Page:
Thursday, May 31, 2007

Let's Try That Again

In response to my last post Simon commented on how he sometimes has to write the wrong story before he can write the one he needs to be writing, peeling away the inital story until the real story emerges.

I remember doing this years ago with 'Spirits of Darkness and Light.' Originally it was a SF story but after completing the first draft I wasn't happy with it so I stuck it in a drawer and started work on something else. A looong time passed before I remembered the story was still stuck in the drawer. But when I finally dragged it out I realised that what I thought should be a SF story should in fact be a ghost story. Much more fitting for the tone and setting. Plus this change also allowed me to bring in an emotional undercurrent that had been entirely lacking in the story's first incarnation.

In theory outlining allows me to get this part of the process out of the way a lot quicker. I'm just bouncing ideas around, the plot is still fluid, malleable; I can add or subtract as I wish. Entire subplots can live and die in a space of seconds. Even if I end up mulling over them for longer periods at least I'm not distracted by the need to write beguiling prose at the same time as I'm trying to figure out the story's plot.

In Mask I realised that a plot development I was toying with wouldn't fit into the word count so I collapsed the whole thing into a couple of lines whilst still in the planning stages. Saved me having to write out a half dozen or so pages of story and then trying to shoehorn it into the rest of the plot; shedding dialogue here, descriptive passages there, all the time cursing the need for this gutting of my muse.

Other times the outlining hasn't worked so well. I've added in subplots that have absolutely no place in the story I'm writing but I don't realise until after I've finished the first draft. I then have the problem of working out how far this soon to be deceased subplot has entwined itself around the main plot, the story's heart. If small but telling details of the subplot have wormed their way into the main body of the story then continuity errors probably fill every page. So as well as the fun of cutting out all the stuff I don't want to keep I also have to rewrite all the stuff I do want to keep. This is never fun.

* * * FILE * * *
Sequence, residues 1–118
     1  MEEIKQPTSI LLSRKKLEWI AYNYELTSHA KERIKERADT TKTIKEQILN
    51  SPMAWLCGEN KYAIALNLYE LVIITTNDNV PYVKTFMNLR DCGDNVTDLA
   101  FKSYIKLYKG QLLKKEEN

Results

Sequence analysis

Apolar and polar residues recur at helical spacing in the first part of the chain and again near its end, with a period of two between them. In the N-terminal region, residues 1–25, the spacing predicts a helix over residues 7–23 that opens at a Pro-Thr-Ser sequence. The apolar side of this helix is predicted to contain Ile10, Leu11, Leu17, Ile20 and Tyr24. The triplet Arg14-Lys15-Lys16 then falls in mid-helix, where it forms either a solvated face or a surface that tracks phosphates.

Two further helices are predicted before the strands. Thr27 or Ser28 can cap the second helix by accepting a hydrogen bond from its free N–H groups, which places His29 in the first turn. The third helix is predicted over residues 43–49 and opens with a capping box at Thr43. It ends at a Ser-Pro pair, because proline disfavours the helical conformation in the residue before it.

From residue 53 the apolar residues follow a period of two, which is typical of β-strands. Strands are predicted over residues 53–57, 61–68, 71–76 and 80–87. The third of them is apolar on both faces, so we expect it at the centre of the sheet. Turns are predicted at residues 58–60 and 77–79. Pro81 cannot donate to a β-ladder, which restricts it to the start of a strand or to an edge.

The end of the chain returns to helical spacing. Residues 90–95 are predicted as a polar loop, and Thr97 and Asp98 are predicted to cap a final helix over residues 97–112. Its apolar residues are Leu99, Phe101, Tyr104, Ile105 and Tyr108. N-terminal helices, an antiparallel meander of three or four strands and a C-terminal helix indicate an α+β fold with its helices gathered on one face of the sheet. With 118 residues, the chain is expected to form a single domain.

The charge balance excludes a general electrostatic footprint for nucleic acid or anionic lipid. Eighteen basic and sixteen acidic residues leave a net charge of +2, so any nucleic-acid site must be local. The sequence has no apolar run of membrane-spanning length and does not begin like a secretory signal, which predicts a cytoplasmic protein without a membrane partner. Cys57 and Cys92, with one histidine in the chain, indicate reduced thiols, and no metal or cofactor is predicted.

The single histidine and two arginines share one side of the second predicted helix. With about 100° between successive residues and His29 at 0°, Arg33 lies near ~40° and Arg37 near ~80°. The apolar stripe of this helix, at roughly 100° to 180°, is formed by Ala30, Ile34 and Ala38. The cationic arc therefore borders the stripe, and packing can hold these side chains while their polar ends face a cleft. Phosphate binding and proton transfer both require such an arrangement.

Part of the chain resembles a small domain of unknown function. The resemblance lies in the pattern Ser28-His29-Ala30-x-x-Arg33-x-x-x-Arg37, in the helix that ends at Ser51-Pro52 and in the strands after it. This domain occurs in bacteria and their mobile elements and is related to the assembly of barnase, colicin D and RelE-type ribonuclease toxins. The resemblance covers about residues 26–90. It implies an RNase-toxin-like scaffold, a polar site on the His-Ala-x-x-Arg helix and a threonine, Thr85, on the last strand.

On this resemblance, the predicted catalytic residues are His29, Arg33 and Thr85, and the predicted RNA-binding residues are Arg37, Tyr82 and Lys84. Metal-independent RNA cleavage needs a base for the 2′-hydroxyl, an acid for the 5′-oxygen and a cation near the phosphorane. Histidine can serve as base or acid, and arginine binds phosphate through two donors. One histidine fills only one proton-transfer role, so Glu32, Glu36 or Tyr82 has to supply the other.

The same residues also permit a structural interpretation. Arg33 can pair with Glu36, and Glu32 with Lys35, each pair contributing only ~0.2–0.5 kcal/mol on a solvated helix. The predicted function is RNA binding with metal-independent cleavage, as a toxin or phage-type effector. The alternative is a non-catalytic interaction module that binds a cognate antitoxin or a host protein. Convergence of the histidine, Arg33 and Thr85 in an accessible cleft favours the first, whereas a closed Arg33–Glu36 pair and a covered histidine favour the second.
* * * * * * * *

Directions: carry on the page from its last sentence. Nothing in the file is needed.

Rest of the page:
It doesn't help that lately I seem to have totally lost the ability to judge the intended length of a story. Scenes that are only supposed to last a couple of hundred words drag on past the thousand word mark, rapid fire exchanges of dialogue turn into bloated discussions. All of which means I not only waste time writing this rubbish but I also have to trim it all down again afterwards.

Unfortunately there's no one best method to write a story. There's only the best method to write the story you're currently working on. Sometimes you find that method first time, sometimes you have to scream and shout and pull out a few clumps of your hair first.


nomis said...

Some stories are like freeways — it's a straight line from start to finish, and all one needs to do it get on and race to the end. Other stories are like meandering country roads, full of twists and turns and fork, so many that while you're travelling you don't always know if you're going the right way, regardless of how good or bad your map is (hint: it's always poorly drawn).

The experience I hate most is realizing, despite your intricate outline before hand, that your story is going off the rails and becoming a different story. Invariably this happens halfway through, and you're left with the decision to start again properly, or to continue from where you are in the new direction and trust you can go back after the draft is finished to rewrite the first half to match.

How can you write an ending that ties all the threads together if you haven't written those threads yet? Goddamn muse ...

Anonymous said...

The latter part of those comments just applied to me when I started my latest story. A third in and I realise that the protagonist is not going where I believed I was sending her, so it was off into a new direction - so much more research for the new ideas, a little bit of floundering on the high seas, a little rewriting of the beginning and now hopefully, a new and exciting ending. Bloody pirates!

Anonymous said...

Hey Stu - I really enjoyed The Mask Behind the Face. How many words did it pan out at eventually and from what initially?
The last post was by me also.

Stuart Young said...

Ally, Mask was supposed to be 20,000 words and ended up as 20,100.

I actually did have it at 20,000 when I submitted it but then added a bit when I did the "last chance to get rid of any mistakes before publication" polish.

One of those rare occasions where I pretty much nailed the story first time. Offhand, I think initial rewrites consisted of adding a scene near the beginning, shortening another scene and a little bit of polisihng. Then, as I said above, I added about 100 words as there was a plot point I felt neeeded clarifying.

nomis said...

I could have done it in 19,956

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